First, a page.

I’m on two weeks leave, so in between satisfying my voracious appetite for reading and Heineken, I have time to watch Dr. Phil.
There was a woman on the show who claims her childhood ordeals as an excuse for her current bad behavior, which included cheating on her husband at least 5 times.
I did not have a particularly great childhood, but even the bad experiences I had made me who I am today. Some of what I am today is good, some bad. I hope that most is good. While I have in the past thought a lot about my childhood, and still think about it some today, I cannot remember at any time using my childhood as an excuse for anything that I have done wrong. I’m not saying that my childhood didn’t have some negative effect on the ways that I’ve acted in the past (and probably in the future), but it doesn’t excuse my own bad choices. Afterall, where does it end? Hasn’t everyone had some bad experiences as a child? And it’s kind of like my argument against Darwinism: Darwinists point to specific traits and give reasons for those traits. For instance, a giraffe has a long neck so that it can eat the buds atop a tree. Really? So any animal without a long neck can’t eat the buds atop a tree? There are many very great people who had “bad” childhoods. I think about many authors (I like to read about authors’ histories’; they give me insight as to what motivated them) who had tyrannical fathers, or hovering mothers, or who grew up without their biological parents or were adopted. Winston Churchill had almost no relationship with his father.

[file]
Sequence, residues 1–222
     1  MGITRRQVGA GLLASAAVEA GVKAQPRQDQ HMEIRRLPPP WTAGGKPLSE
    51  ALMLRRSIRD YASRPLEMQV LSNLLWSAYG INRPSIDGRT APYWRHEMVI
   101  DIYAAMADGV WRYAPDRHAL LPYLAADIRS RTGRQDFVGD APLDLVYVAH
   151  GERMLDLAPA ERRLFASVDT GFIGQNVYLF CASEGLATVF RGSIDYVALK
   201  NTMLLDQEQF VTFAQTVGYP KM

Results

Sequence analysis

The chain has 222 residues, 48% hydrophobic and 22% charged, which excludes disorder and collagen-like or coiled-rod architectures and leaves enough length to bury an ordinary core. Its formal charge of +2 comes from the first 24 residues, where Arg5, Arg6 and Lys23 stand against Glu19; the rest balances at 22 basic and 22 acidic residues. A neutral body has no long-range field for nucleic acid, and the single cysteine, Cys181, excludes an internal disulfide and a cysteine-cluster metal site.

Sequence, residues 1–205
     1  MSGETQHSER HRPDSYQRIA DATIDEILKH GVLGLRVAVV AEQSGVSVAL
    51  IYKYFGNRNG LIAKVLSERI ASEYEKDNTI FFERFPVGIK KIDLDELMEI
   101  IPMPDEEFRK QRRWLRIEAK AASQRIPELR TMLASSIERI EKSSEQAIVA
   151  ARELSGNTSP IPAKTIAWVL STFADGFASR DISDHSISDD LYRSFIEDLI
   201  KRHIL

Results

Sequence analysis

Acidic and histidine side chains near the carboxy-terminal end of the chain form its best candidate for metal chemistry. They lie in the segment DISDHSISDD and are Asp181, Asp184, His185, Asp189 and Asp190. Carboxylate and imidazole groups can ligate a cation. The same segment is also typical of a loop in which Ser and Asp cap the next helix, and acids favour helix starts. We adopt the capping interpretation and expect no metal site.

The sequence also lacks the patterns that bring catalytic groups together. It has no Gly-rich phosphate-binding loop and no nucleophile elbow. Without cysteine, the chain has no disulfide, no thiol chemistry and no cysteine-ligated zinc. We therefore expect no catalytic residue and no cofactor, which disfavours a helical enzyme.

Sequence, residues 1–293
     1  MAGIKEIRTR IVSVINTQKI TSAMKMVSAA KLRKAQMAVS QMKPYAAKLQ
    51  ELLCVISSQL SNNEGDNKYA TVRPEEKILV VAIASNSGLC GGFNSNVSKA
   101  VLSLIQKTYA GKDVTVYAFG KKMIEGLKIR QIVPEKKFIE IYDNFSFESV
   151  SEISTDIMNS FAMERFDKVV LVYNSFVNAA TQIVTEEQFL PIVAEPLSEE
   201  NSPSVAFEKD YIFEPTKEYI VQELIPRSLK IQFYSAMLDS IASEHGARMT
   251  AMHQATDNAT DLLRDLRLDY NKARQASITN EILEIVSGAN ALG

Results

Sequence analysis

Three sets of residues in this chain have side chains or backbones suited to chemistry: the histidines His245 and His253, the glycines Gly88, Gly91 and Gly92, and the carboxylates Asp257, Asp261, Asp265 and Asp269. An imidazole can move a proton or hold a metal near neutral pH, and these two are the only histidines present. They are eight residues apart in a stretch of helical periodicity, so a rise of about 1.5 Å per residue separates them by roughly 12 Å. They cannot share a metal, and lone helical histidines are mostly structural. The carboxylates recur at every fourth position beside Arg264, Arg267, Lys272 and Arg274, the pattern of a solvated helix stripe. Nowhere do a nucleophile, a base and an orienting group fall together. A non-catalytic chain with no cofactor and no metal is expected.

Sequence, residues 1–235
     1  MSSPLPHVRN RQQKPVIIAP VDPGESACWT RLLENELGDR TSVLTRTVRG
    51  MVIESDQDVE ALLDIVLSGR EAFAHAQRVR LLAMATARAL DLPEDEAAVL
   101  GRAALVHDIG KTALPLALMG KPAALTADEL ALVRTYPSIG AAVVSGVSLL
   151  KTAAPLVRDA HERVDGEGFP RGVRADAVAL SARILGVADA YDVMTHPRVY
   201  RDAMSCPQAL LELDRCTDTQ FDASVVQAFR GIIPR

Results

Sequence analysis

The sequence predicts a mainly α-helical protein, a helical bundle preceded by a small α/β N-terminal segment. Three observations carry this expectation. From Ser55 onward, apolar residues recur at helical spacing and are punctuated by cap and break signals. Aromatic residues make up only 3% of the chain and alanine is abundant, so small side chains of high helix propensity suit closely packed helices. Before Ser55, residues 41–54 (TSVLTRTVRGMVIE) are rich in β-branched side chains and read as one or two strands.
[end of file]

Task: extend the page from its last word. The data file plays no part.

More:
When we are mature enough to make the excuse that our past “caused” our bad actions, paradoxically we condemn ourselves. For at that moment, we admit we did wrong, and we even suppose to know the cause.
We can never be free of our own choices. No matter our blessings or curses. We cannot from one side of our mouth parrot Nietzsche: “Whatever doesn’t kill us makes us stronger”, but from the other side utter, “bad things happened to me, so I do bad things.”
Ultimately, nothing of value comes without a price. When we decide that we are responsible for every one of our intentional actions, it at once both horrible and beautiful–and supremely empowering.